Fascist Europe

Subject 131-460 (2009)

Note: This is an archived Handbook entry from 2009. Search for this in the current handbook

Credit Points: 12.50
Level: 4 (Undergraduate)
Dates & Locations:

This subject has the following teaching availabilities in 2009:

Semester 2, - Taught on campus.
Pre-teaching Period Start not applicable
Teaching Period not applicable
Assessment Period End not applicable
Last date to Self-Enrol not applicable
Census Date not applicable
Last date to Withdraw without fail not applicable

Timetable can be viewed here. For information about these dates, click here.
Time Commitment: Contact Hours: A 2-hour seminar per week
Total Time Commitment: 2 contact hours/week , 8 additional hours/week. Total of 8.5 hours per week.
Prerequisites: Usually admission to the postgraduate diploma or fourth-year honours in history.
Corequisites: None
Recommended Background Knowledge: None
Non Allowed Subjects: None
Core Participation Requirements:

For the purposes of considering request for Reasonable Adjustments under the Disability Standards for Education (Cwth 2005), and Student Support and Engagement Policy, academic requirements for this subject are articulated in the Subject Overview, Learning Outcomes, Assessment and Generic Skills sections of this entry.

It is University policy to take all reasonable steps to minimise the impact of disability upon academic study, and reasonable adjustments will be made to enhance a student's participation in the University's programs. Students who feel their disability may impact on meeting the requirements of this subject are encouraged to discuss this matter with a Faculty Student Adviser and Student Equity and Disability Support: http://services.unimelb.edu.au/disability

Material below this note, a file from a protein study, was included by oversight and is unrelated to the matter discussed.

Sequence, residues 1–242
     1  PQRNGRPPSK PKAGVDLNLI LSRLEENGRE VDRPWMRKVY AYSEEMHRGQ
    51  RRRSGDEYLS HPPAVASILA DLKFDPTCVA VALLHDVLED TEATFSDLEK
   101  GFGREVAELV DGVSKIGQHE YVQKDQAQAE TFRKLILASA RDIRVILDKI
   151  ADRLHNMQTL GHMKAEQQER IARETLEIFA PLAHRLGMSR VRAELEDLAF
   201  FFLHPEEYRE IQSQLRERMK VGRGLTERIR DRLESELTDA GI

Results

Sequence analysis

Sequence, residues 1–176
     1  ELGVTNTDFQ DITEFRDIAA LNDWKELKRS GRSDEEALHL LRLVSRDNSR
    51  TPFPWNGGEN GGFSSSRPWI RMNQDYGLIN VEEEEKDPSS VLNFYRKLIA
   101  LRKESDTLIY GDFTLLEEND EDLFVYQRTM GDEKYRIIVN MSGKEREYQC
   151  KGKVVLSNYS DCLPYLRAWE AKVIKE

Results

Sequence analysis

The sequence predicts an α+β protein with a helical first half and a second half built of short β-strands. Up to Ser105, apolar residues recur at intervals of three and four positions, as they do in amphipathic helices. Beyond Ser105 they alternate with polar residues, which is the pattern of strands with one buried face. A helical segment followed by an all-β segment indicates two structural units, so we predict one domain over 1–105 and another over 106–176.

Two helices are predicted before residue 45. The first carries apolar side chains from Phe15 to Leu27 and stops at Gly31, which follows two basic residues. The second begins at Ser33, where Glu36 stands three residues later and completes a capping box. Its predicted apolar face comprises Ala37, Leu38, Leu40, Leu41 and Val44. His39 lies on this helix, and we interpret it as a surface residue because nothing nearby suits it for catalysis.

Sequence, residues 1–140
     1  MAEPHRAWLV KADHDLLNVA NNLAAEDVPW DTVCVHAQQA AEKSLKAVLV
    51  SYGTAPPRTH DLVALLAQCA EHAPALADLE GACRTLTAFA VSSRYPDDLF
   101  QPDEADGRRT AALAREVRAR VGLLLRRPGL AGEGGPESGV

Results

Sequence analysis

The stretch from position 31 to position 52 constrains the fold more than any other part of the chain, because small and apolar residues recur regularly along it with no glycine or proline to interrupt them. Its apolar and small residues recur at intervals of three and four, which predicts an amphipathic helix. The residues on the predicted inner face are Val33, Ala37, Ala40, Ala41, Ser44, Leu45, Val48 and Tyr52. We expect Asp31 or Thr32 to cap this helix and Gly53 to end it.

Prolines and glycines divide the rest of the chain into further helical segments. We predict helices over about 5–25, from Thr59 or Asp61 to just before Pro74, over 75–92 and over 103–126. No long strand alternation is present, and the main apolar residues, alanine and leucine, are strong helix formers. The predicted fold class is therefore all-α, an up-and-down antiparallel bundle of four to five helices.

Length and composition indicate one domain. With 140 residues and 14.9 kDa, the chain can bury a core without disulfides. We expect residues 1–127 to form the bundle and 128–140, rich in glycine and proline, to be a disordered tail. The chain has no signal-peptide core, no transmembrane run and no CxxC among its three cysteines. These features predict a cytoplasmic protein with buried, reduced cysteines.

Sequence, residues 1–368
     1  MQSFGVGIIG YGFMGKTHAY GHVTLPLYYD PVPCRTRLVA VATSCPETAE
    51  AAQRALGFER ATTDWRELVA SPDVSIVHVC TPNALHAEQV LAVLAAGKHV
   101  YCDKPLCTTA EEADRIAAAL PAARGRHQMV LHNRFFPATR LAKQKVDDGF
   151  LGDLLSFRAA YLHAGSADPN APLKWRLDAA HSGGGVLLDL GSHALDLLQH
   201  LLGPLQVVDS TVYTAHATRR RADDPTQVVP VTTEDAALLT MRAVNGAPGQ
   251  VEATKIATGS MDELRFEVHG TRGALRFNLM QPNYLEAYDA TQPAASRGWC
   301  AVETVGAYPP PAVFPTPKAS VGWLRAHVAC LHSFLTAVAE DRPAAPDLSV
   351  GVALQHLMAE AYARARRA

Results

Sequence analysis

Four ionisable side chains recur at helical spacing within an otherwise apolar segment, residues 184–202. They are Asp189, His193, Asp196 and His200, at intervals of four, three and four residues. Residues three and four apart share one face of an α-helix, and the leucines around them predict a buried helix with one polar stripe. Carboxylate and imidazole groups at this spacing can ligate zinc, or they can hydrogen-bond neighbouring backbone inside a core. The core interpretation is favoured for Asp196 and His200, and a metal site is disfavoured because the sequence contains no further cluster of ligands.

Dr Steven Welch


Steven Welch


Subject Overview: This subject is a comparative study of European fascisms from the end of World War I through 1945. The primary focus will be on the fascist movements and regimes in Italy, Spain and Germany, but attention will also be given to the fascist movements in Romania, Hungary, France and Britain. Students will deal with issues such as the preconditions and precursors of fascism, the nature of fascist ideology, and the character of fascist regimes. The subject will also explore some of the basic interpretive problems concerning the definition and theory of fascism: whether there is such a thing as 'generic fascism', how useful the term is for historical analysis, and whether the interwar period can correctly be labelled as the 'era of fascism'.
  • be able to develop an understanding of the theory and practice of fascism in interwar Europe;
  • gain experience in conducting comparative historical analysis;
  • improve their critical interpretative skills through the writing of a major research essay.
Assessment: A seminar presentation 10% (during the semester), a book review of 1500 words 25% (due in mid semester), and a research essay of 3500 words 65% (due at the end of semester).
Prescribed Texts:
  • Fascism in Europe, 1919-1945 (P Morgan) Routledge 2002
Breadth Options:

This subject is not available as a breadth subject.

Fees Information: Subject EFTSL, Level, Discipline & Census Date
Generic Skills:
  • show an advanced understanding of the changing knowledge base in the specialist area;
  • be able to evaluate and synthesise the research and professional literature in the discipline;
  • have an appreciation of the design, conduct and reporting of original research.
Related Course(s): Master of International Studies
Postgraduate Certificate in International Studies
Postgraduate Diploma in International Studies
Related Majors/Minors/Specialisations: History
Jewish Studies
Jewish Studies

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